Criminology and police psychology are mandatory courses for most Outagamie County detectives. Appleton criminal investigators count on suspects believing that hiring an attorney or refusing to speak with police officers will indicate their guilt but that openly speaking with officers will ease suspicion. Truthfully, if you’ve been asked to “come down to the station” or otherwise submit to police questioning, the police already suspect you of a crime. Nothing you say or do will prove your innocence at this stage of the investigation, but speaking with police officers can certainly prove your guilt. For this reason, you should always have a lawyer present when you’re questioned by the police.
As soon as local investigators approach you, it’s time to call an Appleton criminal defense lawyer at Hogan Eickhoff. Even non-suspects inadvertently admit to crimes they’re not under investigation for in an attempt to be helpful or prove their innocence. For example, an innocent suspect may submit proof he was bow hunting deer in July when his neighbor was assaulted only to have just confessed to bow hunting out of season. Brown, Outagamie, and Winnebago County police officers are looking for guilt, not innocence. Don’t speak with police without contacting an experienced Appleton, Green Bay, and Oshkosh defense lawyer at Hogan Eickhoff at (920) 450-9800 or online for your free criminal defense consultation.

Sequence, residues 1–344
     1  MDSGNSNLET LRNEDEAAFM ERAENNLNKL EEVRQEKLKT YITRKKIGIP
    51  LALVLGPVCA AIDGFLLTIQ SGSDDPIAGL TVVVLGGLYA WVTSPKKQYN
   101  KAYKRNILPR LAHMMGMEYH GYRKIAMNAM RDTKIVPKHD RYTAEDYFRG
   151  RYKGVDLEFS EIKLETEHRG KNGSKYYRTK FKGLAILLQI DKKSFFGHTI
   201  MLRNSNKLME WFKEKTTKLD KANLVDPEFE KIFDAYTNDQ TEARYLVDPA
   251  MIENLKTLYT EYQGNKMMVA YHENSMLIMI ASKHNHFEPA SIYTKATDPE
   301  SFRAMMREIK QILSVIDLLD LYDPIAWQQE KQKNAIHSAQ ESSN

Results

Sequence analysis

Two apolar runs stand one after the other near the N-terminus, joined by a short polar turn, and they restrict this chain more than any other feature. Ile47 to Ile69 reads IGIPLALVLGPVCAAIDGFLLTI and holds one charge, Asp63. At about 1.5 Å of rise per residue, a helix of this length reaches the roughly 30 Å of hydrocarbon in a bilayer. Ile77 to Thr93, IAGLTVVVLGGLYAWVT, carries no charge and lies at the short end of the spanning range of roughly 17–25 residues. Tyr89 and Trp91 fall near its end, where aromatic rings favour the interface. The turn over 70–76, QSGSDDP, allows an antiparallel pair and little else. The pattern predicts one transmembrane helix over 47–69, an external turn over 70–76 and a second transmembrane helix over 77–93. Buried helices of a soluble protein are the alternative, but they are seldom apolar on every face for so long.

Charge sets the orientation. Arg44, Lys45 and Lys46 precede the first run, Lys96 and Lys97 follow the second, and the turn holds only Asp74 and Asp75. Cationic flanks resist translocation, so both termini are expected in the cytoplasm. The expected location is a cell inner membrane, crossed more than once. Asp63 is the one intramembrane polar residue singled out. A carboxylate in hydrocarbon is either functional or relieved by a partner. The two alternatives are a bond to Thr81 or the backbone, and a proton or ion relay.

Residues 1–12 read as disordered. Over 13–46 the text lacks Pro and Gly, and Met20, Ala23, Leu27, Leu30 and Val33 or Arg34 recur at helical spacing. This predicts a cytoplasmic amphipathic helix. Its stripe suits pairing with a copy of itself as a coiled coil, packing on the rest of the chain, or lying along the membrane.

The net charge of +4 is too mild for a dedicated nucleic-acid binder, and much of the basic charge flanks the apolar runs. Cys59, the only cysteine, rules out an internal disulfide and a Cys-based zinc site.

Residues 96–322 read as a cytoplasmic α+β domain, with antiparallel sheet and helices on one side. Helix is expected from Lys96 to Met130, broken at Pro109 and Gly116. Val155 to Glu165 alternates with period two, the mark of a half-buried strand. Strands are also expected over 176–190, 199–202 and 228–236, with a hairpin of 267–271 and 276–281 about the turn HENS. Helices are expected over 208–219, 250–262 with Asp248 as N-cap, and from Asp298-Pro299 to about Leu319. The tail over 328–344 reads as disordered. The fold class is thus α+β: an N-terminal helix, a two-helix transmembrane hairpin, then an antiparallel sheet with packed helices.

Understanding Your Constitutional Right Not to Speak with Police Officers without a Lawyer
Most Wisconsin residents are taught to trust and aid police officers from a young age. Speaking with police officers as a witness, however, is different than speaking with them as a suspect. Investigators don’t want suspects to believe they’re under investigation, so they often approach suspects under the guise of a general “fact-finding” inquiry. Wisconsin investigators don’t always need to give suspects their Miranda Warnings before asking questions. These warnings are only triggered if you’re in police custody. and they summarize the following constitutional rights while warning suspects that anything they say can and will be used against them: